chapter  4
14 Pages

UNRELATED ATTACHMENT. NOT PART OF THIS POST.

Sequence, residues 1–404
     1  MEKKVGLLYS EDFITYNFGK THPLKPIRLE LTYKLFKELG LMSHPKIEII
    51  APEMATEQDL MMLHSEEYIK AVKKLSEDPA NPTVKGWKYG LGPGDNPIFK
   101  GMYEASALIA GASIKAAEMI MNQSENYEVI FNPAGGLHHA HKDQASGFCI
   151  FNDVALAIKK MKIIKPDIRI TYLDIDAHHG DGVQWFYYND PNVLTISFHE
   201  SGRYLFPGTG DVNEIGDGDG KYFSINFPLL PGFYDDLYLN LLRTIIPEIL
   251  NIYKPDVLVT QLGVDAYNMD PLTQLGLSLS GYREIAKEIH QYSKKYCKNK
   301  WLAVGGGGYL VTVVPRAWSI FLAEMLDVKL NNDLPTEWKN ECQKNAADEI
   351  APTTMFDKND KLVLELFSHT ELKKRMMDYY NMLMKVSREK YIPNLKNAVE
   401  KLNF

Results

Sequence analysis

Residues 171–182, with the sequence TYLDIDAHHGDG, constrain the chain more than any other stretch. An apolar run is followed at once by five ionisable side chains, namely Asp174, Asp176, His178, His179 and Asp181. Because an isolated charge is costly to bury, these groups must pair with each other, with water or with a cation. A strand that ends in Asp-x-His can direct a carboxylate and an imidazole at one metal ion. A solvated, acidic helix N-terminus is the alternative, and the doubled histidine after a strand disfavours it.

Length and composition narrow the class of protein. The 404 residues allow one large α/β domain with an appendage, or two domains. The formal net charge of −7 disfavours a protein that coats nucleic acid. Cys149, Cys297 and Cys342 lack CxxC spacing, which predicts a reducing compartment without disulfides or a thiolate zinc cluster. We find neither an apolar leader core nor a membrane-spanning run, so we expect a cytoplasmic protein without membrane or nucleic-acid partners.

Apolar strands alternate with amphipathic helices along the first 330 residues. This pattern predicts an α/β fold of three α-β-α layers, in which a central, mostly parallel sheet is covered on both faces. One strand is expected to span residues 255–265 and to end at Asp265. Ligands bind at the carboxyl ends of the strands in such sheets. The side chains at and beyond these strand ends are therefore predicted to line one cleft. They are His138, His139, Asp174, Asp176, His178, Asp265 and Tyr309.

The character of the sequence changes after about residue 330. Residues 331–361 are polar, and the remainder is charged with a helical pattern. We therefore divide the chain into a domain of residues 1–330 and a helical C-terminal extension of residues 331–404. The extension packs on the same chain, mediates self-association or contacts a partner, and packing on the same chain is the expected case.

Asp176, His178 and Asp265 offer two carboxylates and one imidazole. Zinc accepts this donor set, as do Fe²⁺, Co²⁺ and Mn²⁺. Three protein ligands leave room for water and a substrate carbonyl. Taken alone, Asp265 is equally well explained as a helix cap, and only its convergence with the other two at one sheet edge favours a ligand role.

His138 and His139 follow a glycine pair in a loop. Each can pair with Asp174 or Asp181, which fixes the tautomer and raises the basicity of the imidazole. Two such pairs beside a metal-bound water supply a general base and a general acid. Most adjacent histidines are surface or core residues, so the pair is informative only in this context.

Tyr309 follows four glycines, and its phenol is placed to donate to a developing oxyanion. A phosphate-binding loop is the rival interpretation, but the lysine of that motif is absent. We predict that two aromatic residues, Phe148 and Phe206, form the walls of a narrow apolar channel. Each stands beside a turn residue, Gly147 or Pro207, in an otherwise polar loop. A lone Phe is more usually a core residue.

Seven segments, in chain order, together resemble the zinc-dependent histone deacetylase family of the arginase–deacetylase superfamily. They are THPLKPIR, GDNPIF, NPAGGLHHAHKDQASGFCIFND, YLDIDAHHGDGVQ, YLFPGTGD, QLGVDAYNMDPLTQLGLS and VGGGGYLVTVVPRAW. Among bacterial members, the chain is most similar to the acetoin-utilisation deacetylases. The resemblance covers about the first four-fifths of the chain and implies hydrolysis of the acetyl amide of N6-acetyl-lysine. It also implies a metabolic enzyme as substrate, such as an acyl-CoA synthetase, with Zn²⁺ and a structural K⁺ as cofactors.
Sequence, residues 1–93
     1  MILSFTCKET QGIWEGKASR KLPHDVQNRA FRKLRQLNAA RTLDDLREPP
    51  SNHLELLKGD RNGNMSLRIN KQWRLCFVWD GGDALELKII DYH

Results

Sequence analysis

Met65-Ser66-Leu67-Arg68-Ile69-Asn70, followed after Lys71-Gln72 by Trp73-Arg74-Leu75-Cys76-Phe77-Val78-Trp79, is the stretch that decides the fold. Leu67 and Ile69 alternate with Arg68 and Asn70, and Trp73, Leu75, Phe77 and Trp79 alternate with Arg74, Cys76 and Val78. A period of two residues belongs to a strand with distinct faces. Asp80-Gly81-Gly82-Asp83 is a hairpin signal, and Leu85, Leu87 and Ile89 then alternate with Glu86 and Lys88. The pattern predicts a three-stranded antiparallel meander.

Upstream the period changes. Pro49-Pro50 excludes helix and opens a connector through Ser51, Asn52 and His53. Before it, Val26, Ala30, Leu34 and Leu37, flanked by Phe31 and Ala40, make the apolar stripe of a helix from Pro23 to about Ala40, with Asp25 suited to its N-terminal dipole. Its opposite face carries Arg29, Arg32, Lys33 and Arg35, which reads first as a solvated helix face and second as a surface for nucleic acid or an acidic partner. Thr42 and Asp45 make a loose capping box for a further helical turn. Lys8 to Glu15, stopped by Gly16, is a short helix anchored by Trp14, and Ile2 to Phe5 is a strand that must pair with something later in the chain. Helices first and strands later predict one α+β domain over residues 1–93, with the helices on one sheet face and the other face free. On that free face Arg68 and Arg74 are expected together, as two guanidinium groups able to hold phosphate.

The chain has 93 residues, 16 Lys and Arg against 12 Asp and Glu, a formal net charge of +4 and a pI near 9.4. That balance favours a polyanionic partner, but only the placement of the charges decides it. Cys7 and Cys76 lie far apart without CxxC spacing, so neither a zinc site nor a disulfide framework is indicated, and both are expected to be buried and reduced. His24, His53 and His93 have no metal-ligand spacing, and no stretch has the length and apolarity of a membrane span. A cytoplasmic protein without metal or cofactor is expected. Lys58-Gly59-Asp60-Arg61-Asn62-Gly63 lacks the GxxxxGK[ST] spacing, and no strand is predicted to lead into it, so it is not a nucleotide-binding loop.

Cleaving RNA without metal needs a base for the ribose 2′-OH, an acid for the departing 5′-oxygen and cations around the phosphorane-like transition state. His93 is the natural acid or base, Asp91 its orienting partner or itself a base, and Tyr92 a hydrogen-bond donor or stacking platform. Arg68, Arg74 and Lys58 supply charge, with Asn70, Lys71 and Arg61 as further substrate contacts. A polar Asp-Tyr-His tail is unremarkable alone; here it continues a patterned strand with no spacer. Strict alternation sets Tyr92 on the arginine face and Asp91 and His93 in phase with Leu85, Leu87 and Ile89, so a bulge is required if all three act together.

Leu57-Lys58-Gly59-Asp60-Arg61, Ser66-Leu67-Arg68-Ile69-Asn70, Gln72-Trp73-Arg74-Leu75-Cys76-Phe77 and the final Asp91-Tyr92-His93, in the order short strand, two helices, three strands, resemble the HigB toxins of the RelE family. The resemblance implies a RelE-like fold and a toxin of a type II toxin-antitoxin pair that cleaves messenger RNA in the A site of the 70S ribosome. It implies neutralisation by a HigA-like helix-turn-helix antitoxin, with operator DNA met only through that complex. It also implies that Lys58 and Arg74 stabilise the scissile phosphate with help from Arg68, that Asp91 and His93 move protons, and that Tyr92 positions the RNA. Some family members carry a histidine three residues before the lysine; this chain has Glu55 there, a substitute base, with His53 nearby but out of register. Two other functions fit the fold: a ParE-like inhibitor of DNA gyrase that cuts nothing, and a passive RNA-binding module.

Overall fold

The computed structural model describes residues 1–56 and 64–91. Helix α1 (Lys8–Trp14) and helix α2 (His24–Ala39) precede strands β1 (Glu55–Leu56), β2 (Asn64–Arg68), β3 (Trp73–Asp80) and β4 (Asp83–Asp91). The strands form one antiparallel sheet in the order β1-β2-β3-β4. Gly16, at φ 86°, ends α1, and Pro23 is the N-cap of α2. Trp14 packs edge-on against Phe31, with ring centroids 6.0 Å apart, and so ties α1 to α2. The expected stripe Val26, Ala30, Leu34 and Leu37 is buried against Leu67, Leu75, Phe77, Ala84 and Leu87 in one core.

The preoccupation of ancient philosophers and naturalists with the question of whether non-human animals possess reason was no matter of idle speculation but had enormous practical implications for the lives of humans, not to mention those of non-human animals. Since antiquity, claims that humans stand alone in possessing reason have been used as the basis for an assertion of human moral superiority and as a justification for excluding other animal species from human moral concern. The underlying assumption of much speculation on animal intellect was that rationality in itself conferred moral considerability upon those who possessed it. The Stoics took up Aristotle’s denial of reason (logos, logismos) to animals and gave his essentially biological view of animal intellect a distinctly moral dimension. This is observable in the Stoic doctrine of oikeio¯sis, “kinship, relationship, belonging,” examined in Part I of this volume. Stoicism, in particular among ancient schools, sought to emphasize the “differentness” of irrational animals vis-à-vis their rational human counterparts, while figures such as Plutarch and Porphyry attempted to demonstrate that rationality in animals was not a matter of “all or nothing,” but rather one of degree. If, as the Stoics argued, animals are utterly unlike human beings, humans can have no obligation to refrain from using them in any manner that benefits humans.